The European Union (EU) has granted United Kingdom Prime Minister Theresa May an extension for the country to leave the union by October 31, after two years of frustrated negotiations.
The new 31 October deadline averts the prospect of the UK having to leave the EU without a deal this Friday. Under EU rules, the UK will have to hold European Parliament elections in May, or face leaving on 1 June without a deal.
Member of across the logistics industry chimed in their opinions.
Pauline Bastidon, FTA's Head of Global and European Policy, said: "FTA welcomes the fact that the potential cliff edge of a No Deal departure from the EU has been postponed for now and is grateful for the extra preparation time the agreed extension offers to our members. While the risk of No Deal has receded for now, it is an outcome which cannot be excluded further down the line - indeed, it remains the legal default, in the absence of alternative arrangements. FTA is therefore calling on its members to use this extra time wisely. The association, which speaks for the logistics industry, will keep pushing for the best outcome for the sector, while continuing to support its members in their preparations and remaining vigilant should the situation change."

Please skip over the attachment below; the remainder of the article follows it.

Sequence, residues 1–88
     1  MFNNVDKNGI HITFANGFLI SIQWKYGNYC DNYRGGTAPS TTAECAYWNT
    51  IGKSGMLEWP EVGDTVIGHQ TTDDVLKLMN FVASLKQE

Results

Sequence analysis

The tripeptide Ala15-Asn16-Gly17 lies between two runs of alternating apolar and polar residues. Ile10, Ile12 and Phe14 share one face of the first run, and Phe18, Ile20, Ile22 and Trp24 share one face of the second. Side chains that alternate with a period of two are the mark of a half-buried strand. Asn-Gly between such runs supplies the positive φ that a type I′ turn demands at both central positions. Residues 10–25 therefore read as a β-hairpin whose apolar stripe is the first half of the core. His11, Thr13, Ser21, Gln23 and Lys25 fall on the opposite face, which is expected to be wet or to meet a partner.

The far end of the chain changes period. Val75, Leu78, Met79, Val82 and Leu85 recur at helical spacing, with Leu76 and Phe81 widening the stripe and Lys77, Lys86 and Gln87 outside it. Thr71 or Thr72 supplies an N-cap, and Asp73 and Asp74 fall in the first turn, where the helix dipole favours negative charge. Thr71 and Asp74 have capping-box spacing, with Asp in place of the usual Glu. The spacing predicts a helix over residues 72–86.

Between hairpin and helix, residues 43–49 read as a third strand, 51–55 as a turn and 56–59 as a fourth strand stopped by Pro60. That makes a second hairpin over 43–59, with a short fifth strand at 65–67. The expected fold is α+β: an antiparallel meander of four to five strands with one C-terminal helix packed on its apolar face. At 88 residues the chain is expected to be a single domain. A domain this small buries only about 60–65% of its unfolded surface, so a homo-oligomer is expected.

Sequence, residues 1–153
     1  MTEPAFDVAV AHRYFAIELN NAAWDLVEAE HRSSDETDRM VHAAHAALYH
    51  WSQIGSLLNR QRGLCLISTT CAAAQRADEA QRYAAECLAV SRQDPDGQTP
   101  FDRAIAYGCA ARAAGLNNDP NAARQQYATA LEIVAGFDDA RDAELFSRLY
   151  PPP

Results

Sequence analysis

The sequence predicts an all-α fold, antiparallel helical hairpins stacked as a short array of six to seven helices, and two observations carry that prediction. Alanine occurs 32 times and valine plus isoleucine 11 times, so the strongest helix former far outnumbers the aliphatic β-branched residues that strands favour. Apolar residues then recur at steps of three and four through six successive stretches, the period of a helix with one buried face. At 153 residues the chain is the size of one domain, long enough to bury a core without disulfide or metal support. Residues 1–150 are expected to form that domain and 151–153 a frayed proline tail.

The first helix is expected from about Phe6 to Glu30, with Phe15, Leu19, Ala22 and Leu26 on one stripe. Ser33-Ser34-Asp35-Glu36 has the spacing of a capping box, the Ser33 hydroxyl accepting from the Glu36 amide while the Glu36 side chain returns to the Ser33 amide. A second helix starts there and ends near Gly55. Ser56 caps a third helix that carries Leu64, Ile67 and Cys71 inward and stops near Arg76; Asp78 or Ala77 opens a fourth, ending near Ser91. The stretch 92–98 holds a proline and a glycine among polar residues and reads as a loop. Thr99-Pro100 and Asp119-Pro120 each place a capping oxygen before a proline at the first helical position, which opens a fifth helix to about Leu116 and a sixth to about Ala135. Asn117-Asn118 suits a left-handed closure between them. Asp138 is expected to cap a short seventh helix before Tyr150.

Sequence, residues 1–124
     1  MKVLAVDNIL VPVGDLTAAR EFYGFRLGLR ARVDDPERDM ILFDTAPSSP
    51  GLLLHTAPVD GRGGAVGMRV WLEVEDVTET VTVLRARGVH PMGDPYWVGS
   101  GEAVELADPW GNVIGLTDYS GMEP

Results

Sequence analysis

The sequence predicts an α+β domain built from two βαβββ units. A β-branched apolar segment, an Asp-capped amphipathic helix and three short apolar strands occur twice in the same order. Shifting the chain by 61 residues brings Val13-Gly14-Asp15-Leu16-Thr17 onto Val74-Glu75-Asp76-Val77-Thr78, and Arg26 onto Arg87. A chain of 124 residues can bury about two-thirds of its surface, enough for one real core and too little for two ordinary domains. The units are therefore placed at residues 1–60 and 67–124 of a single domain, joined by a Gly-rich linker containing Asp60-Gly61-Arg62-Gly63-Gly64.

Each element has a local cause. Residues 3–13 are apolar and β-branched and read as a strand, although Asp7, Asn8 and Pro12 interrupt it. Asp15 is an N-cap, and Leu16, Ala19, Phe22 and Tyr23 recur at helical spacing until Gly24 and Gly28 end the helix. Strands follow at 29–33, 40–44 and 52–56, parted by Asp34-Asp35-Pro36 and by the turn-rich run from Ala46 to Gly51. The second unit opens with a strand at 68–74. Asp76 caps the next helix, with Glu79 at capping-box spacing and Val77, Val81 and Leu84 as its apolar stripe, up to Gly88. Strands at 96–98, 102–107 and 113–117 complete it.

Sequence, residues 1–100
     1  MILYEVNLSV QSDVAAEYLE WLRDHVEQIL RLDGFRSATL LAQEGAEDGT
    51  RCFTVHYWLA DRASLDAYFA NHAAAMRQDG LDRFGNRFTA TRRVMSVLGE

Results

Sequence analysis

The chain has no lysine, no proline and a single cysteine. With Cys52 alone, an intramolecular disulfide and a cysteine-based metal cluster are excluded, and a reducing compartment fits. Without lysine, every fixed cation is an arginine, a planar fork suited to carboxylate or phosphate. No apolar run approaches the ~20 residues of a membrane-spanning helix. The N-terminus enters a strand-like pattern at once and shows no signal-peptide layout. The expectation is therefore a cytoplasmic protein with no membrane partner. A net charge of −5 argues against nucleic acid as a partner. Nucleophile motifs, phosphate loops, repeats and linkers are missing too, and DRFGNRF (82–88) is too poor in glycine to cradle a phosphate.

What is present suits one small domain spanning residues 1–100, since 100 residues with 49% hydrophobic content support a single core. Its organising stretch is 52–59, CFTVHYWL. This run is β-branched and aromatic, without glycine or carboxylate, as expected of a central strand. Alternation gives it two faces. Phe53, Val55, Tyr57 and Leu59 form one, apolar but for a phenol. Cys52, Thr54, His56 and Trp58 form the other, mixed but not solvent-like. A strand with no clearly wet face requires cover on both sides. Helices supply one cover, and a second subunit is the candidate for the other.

John Perry, managing director of leading supply chain and logistics consultancy SCALA, commented: “With the EU leaders granting the UK a further six month extension, we are now in a very interesting, if somewhat precarious position. While May is still seemingly persisting with her withdrawal agreement, others are now seriously discussing the possibility of a second, this time binding, referendum. Meanwhile, the European Court of Justice has ruled that it would be legal for the UK to cancel Brexit, and Donald Tusk has suggested EU leaders would be happy with that decision.
“While not at long as many of us had hoped, this extension gives UK business one last chance to make our voices heard, and demand that we at the very least stay in the customs union. However, whatever the outcome in October, these additional few months give businesses an invaluable opportunity to prepare themselves as thoroughly as possible.
“The decision many companies must now make is whether or not to continue to stockpile, which is an incredibly costly endeavor, negatively impacting cashflow and increasing expenses for storage and warehousing. This extension could allow them to instead look beyond stockpiling, and put in place more effective, long-term risk-reduction strategies. There is even enough time for affected organisations to consider applying to become an Authorised Economic Operator, which is widely agreed to be one of the most effective mitigating factors in any Brexit situation.”